Roger Richman appears to be doing quite well as a talent agent, considering that nearly all his clients are dead.

Richman is founder and owner of the Roger Richman Agency Inc. in Beverly Hills, which is to deceased celebrities what Creative Artists Agency is to living ones. Looking to revive Boris Karloff as Frankenstein from the grave once again to pitch your long-life batteries? Richman is your first phone call.

Living off the celluloid talents of the long-departed might seem like a ghoulish line of work, but it's a thriving business in the 1990s. Dead celebrities, after all, don't undergo major plastic surgery, throw temper tantrums, or get arrested for drunk driving.

In other words, they are instantly recognizable images that work cheap and can no longer do anything stupid or criminal to tarnish themselves or the products they represent. Which is one reason we're seeing Fred Astaire dancing on the ceiling for Dirt Devil, while the allure of Coors beer summons John Wayne's digital specter.

Technology, of course, has a lot to do with it too. Computerized special effects make it possible to lift an actor out of a 40-year-old film and paste him or her into modern footage seamlessly, a feat that would have been impossible or prohibitively expensive a few years ago.

What this means is that people like Richman and those he represents, the heirs of departed celebrities, are making a killing. In some cases, stars from the Golden Age of Hollywood are making more money after their deaths than they ever did alive.

"When I first started in this business, I had some millionaire friends who said they thought I'd do very well. I said, 'Are you kidding? How could there possibly be any money in that?'" said Richman.

He won't reveal his annual revenues, but says his business is growing at a rate of 25 percent a year and has been for several years.

Richman, an attorney registered to practice law in New York, began his agency in 1979 after being approached by the heirs of W.C. Fields. At that time, the rights to pictures and film footage of dead stars either belonged to film studios or photographers, or were part of the public domain; heirs of the stars seldom saw a dime when images of their famous benefactors were exploited.

They also had no control over how these images were used. Richman represented the heirs of Fields in a lawsuit over a poster on which the head of the famous comedian had been grafted onto the body of a chubby, nude man. The suit led to the passage of the California Celebrity Rights Act of 1984, drafted by Richman, which permanently altered the law pertaining to celebrity heirs and to advertisers seeking to use celebrity images.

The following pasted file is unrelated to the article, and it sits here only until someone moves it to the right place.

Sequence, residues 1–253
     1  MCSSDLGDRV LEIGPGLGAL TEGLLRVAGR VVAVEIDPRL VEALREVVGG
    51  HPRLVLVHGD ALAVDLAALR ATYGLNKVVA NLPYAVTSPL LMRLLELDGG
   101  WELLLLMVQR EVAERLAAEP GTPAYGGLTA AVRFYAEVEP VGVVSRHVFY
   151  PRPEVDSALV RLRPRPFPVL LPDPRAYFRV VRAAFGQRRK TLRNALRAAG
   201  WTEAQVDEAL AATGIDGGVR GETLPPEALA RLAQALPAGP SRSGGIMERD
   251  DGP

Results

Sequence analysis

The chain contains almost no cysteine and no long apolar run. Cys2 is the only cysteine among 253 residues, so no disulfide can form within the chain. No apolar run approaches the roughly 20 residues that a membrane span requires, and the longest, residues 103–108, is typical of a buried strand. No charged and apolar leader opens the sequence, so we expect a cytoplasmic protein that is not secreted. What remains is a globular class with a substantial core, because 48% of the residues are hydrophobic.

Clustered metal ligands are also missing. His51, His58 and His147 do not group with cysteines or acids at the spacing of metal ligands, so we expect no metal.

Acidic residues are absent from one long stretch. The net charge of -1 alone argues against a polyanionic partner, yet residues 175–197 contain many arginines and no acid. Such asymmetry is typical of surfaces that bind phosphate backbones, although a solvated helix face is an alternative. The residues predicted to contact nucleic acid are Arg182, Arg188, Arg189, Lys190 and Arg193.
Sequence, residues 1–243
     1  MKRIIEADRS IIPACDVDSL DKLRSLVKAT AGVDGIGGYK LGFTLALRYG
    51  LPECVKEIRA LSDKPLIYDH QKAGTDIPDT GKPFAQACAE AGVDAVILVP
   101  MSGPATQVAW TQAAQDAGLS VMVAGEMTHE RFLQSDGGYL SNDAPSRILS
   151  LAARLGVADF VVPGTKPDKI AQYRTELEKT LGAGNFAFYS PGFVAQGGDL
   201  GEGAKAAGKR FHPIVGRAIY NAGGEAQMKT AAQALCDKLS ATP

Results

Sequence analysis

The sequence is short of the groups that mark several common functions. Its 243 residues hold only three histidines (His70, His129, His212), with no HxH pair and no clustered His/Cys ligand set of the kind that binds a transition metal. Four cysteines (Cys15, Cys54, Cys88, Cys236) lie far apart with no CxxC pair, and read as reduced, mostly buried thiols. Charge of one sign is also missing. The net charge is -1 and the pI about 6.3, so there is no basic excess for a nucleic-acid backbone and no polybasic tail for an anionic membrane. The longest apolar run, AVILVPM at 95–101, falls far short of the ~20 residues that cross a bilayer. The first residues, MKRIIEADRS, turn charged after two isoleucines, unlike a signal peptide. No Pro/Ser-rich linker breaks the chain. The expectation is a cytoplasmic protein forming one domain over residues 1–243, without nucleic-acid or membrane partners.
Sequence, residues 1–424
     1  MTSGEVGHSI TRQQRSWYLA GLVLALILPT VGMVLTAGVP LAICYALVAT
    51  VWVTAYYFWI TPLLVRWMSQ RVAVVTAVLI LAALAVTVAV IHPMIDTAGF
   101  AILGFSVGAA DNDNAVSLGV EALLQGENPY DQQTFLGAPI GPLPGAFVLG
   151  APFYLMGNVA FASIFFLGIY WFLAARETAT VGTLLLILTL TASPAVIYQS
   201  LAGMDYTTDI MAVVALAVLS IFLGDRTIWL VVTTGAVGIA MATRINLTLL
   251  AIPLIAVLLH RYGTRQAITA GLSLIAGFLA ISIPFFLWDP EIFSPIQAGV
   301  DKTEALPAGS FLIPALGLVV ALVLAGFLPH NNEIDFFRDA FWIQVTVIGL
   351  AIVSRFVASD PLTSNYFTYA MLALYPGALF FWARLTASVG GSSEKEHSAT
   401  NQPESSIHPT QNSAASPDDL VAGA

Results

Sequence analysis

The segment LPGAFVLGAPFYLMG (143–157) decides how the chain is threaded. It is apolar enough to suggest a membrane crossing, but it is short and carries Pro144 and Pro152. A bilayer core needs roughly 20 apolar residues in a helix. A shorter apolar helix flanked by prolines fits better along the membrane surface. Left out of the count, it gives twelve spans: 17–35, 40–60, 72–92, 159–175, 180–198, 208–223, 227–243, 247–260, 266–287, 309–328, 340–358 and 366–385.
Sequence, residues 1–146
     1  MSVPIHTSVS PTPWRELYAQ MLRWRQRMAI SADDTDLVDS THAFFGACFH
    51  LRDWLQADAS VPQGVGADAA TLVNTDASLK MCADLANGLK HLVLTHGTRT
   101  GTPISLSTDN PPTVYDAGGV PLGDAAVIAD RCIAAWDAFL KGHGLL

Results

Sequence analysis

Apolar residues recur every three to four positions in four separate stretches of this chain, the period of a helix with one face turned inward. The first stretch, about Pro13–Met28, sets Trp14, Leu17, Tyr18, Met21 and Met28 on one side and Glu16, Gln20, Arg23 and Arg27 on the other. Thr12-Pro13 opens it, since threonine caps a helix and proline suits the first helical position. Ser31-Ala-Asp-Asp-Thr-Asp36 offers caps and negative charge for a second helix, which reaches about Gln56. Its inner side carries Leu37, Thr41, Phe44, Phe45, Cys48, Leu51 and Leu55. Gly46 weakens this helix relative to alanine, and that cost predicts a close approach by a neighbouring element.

Under the law, heirs of dead celebrities can register their rights to publicity with the state. Registered heirs are now entitled to recieve compensation for the use of their famous forebears in entertainment or advertising, and have the power to reject any such uses.

The law only applies for 50 years after a celebrity's death but Richman also relies on federal trademark law, which states that publicity rights last in perpetuity as long as there is continual demand for the celebrity's image. Thus, Richman is able to represent the heirs of people who have been dead for more than half a century, like Sigmund Freud and the Wright brothers (who are enjoying a resurgence in popularity with the upcoming 100th anniversary of powered flight in 2003; Richman recently placed old footage of Wilbur and Orville in a commercial for United Airlines).

Richman gets 35 percent of the fee charged to use a celebrity's image, and the star's estate gets the rest. Merchants seeking to use the likenesses of dead celebrities whose heirs are represented by Richman (including John Wayne, Marilyn Monroe, Gary Cooper, Jimmy Durante, Albert Einstein, Groucho Marx and Mae West) on licensed products pay him 35 percent of the licensing fees, typically 8 percent to 13 percent of the product's wholesale price.

The dead celebrity rights business is a big one, and while Richman is one of its pioneers, he is by no means its only practitioner.

Besides agents, there are many attorneys specializing in rights clearance, as well as the heirs themselves, the studios and Hollywood guilds that retain ownership to some images, and there are rights clearinghouses like Hollywood-based SearchWorks that help producers and advertising executives find out who owns the rights to various pieces of footage, music or pictures and then help them get clearance.

Complicating matters is that there is no set rate for the use of a celebrity image. Roxanne Mayweather, a partner with SearchWorks, says commercial producers pay far more than movie or television producers for celebrity rights. And advertisers are typically charged more if they intend to reach a large audience; creators of a print ad in a magazine featuring a picture of Elvis Presley, for example, will pay much less for the right to his image than someone making a national TV commercial starring the King.

Meanwhile, demand for Hollywood icons just keeps getting more intense. The computer revolution has created a whole new outlet for these images on the Internet and in multimedia CD-ROMs. And Mayweather says there is a new fad of using old film clips in corporate presentations.

"A lot of these big companies think there's a prestige factor in having a recognizable film to introduce a corporate presentation. Like opening a sales meeting with a scene from 'Jaws,'" Mayweather said.

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